ant-ivy-user mailing list archives

Site index · List index
Message view « Date » · « Thread »
Top « Date » · « Thread »
From Archie Cobbs <>
Subject Re: How to add a complex project such as Spring or Hibernate to an ivy private Repository?
Date Thu, 14 Apr 2011 14:06:48 GMT
On Thu, Apr 14, 2011 at 12:15 AM, Gareth Collins <
> wrote:

> I am curious (and I hope this does not sound rude) - what problem are you
> really trying to solve with Ivy Roundup?

Ivy RoundUp was created because there wasn't any good repository for ivy
users. Simply piggy-backing ivy off of maven repositories was not considered
a sufficient alternative for these reasons:

   - Lack of precision and inconsistency in dependency specifications
   - Lots of software not contained (or up to date) in maven repo
   - I don't use maven :)

I primarily use ivy because I want a corporate internal repository for all
> our third-party dependencies. Why would I want another external dependency
> not under my control which takes a lot of work to keep up-to-date with new
> releases into maven (I may be misunderstanding, but it appears ivy roundup
> requires hand-coding the ivy files - I just use the autogenerated ones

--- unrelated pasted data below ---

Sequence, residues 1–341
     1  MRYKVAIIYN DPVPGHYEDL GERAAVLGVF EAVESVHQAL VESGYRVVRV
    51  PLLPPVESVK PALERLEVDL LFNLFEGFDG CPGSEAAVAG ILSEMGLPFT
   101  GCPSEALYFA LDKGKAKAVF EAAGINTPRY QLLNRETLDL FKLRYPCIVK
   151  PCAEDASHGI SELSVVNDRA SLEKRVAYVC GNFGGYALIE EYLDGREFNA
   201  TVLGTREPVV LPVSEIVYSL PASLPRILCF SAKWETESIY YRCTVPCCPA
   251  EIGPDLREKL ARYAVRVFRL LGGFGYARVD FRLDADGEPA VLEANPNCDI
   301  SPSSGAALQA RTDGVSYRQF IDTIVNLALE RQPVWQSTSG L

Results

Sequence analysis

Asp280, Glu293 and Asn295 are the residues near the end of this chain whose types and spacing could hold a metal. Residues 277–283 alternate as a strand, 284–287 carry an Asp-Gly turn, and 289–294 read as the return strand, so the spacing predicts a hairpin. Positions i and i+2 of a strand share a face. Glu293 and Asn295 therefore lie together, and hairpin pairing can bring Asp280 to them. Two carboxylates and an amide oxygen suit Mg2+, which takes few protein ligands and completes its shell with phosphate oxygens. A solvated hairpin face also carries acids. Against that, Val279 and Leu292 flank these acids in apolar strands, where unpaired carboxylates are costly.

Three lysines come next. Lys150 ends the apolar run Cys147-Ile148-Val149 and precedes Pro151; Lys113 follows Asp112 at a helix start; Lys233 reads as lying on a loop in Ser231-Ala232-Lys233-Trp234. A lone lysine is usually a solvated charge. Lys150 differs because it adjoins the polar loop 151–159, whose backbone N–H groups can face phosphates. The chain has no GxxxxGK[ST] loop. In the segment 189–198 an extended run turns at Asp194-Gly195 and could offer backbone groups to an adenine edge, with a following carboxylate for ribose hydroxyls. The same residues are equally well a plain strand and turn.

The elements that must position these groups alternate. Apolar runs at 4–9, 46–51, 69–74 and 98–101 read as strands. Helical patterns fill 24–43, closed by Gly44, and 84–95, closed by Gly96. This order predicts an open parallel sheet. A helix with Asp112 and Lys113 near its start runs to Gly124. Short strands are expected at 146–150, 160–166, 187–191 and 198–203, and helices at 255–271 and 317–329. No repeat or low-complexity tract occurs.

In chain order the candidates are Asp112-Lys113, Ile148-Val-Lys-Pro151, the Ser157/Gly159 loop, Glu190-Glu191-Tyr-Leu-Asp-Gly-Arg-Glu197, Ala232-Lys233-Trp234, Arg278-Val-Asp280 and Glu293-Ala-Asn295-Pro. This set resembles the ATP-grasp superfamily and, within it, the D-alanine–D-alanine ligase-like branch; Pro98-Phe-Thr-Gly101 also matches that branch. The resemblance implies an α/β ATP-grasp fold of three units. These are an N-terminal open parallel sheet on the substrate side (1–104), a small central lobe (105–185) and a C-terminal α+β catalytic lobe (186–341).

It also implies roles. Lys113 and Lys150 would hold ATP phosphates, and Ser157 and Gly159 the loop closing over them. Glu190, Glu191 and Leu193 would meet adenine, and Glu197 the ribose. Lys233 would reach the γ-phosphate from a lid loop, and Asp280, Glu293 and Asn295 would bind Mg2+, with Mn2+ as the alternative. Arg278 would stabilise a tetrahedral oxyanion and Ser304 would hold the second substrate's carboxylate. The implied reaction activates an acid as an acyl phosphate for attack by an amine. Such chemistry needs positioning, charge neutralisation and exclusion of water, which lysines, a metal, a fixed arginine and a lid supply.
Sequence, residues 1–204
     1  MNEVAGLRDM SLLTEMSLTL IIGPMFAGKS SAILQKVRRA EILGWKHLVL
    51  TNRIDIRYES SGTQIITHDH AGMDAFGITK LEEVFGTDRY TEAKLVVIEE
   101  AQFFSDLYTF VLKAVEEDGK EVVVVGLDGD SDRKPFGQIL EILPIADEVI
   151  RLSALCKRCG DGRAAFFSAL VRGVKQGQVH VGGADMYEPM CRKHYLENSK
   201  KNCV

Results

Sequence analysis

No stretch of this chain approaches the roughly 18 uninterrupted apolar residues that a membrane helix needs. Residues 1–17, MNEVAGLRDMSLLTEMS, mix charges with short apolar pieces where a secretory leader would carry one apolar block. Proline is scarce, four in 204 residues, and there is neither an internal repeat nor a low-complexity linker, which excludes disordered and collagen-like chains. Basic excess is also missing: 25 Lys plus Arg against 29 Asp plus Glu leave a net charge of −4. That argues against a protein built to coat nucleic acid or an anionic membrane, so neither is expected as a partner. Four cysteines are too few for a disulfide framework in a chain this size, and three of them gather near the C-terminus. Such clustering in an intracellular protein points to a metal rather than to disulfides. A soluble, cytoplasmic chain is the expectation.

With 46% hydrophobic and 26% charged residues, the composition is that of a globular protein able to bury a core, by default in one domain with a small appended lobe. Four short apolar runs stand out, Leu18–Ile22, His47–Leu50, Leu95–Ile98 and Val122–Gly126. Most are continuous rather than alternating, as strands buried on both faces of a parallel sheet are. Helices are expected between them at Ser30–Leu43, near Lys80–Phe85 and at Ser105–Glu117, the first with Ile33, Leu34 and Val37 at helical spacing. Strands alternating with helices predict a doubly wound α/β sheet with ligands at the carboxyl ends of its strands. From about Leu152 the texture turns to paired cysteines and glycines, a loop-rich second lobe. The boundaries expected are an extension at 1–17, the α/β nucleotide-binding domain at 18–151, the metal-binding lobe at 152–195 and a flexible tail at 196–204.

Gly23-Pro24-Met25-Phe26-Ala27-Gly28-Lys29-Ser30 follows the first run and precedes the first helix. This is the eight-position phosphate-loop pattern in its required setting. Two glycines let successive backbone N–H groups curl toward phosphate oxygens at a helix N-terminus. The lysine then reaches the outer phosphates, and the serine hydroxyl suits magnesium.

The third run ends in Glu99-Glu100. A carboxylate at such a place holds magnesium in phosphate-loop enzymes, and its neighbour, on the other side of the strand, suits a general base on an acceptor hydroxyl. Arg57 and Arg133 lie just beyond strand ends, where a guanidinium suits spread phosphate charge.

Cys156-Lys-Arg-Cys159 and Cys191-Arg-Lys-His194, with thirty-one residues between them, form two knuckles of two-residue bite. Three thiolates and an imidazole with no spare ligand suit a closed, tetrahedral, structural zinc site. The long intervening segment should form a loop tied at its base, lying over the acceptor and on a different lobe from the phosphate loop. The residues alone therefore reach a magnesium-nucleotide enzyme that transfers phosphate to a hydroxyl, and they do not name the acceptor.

> without ivy
> namespaces so I can easily correlate my ivy repository jar locations to the
> corresponding maven locations)
> and doesn't solve sun/oracle jar publication issues?

Nothing stops you from using Ivy RoundUp in addition to other maven
repositories, it's not an either/or choice.

Regarding control, yes it's not under your control, but neither is the maven
repository. What you control is how you configure your ivy clients, your
private repository, etc. With ivy, control is supposed to be applied at the
settings level, not the repository level. Maven doesn't give you as much
choice in this regard.

Regarding licensing issues, I'm not sure I understand how maven gets around
this. How is it legal to download some JAR with a license requirement and
then put that JAR up on a public web server for the world to download freely
without any license? I agree it's a lot more convenient though :)


Archie L. Cobbs

  • Unnamed multipart/alternative (inline, None, 0 bytes)
View raw message